Ulster University diabetes research brings fresh hope for treatment of neurodegenerative disorders
World-leading scientists at Ulster University have discovered that a diabetes medication could also reverse the effects of cognitive decline commonly associated with diabetes and neurodegenerative disorders such as Alzheimer's disease.
Sitagliptin is an oral medication used to treat Type 2 Diabetes. An Ulster University study showed that a daily dose of the drug over 21 days significantly reversed memory impairment as well as improving metabolic control in mice.
The University is now calling for clinical trials to be performed in people to see if the drug offers the potential to open up a treatment for neurodegenerative disorders including Alzheimer's disease.
Ulster University's Professor Victor Gault explained: "Previous studies at Ulster University have shown that mice which eat a diet rich in fat or those that became diabetic over a period of time exhibit reduced recognition memory.
"Our studies now show that when these mice are treated orally with Sitagliptin that this drug reverses their cognitive decline as well as their diabetes.
"We believe that the drug exerts its effects by increasing the levels of naturally-occurring gut hormones, which can activate areas of the brain linked to regulating learning and memory processes.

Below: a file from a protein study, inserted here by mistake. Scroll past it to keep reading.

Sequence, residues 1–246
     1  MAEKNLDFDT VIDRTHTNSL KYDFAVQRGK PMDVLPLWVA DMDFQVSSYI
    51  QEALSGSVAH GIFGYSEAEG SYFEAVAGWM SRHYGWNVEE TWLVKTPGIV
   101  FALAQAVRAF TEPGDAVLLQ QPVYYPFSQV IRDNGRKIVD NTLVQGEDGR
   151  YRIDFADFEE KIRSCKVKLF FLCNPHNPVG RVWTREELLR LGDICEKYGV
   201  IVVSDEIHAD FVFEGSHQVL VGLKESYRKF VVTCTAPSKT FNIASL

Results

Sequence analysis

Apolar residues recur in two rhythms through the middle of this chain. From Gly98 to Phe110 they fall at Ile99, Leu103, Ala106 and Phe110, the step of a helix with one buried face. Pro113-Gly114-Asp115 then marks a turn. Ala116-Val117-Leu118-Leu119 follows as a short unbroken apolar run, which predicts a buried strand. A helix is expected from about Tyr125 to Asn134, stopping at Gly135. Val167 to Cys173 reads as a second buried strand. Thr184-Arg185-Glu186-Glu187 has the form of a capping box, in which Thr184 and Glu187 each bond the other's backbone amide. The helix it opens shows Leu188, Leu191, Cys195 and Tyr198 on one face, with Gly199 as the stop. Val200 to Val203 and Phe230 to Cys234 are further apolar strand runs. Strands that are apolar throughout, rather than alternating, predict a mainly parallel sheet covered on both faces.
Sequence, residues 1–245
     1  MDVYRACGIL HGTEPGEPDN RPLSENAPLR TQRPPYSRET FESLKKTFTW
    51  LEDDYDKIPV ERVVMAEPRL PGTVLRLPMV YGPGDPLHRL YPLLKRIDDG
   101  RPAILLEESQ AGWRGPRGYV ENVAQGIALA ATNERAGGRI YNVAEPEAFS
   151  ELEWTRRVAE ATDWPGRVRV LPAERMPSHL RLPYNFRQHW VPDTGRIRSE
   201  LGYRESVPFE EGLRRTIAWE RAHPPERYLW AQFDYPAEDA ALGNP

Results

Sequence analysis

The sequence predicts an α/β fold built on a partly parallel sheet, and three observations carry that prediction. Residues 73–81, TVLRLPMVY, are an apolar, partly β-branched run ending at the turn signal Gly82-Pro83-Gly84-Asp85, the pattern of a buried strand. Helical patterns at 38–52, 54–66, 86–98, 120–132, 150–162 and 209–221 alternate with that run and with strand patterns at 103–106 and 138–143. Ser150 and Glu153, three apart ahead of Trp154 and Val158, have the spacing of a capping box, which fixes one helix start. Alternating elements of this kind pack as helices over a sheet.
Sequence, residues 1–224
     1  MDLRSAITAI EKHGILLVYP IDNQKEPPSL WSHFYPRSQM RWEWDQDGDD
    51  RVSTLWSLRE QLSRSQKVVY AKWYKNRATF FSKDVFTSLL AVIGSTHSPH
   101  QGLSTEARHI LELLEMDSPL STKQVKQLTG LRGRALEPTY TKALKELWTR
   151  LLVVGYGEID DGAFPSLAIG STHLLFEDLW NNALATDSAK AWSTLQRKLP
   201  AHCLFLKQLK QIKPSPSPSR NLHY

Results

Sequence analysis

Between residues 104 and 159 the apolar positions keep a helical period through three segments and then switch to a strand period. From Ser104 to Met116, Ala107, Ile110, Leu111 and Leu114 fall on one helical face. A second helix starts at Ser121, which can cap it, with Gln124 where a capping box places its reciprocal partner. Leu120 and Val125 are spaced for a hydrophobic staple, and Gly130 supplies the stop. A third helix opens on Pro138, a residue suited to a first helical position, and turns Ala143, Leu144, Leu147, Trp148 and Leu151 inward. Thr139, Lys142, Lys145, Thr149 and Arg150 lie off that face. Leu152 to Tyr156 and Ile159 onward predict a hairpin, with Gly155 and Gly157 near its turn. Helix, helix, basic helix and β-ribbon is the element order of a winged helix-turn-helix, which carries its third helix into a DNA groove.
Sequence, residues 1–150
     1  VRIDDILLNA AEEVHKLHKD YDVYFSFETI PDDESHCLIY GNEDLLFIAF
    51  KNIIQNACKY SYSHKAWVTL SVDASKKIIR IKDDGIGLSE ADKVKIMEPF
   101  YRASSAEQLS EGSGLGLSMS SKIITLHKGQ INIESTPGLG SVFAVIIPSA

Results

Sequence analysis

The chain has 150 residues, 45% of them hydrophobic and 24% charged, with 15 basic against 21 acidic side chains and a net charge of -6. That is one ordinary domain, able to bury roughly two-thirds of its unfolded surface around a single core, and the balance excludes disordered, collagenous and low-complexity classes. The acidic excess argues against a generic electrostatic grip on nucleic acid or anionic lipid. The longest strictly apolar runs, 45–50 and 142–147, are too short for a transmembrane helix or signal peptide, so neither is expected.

"Our studies demonstrate that the drug enhances the levels of key genes in the hippocampus region of the brain that are important for learning and memory, behaviour and insulin signaling processes.
"Ulster University believes these new findings offer enormous potential for drug repurposing and that an already licensed drug could be tested safely in humans to ascertain if the drug also offers beneficial neuroprotective effects in Diabetes and Alzheimer's disease."
Ulster University is in the premier league of universities with 100% of its Biomedical Sciences Research judged to be world-leading. Its Biomedical Sciences Research Institute is also ranked among the top five universities in the UK in terms of research power.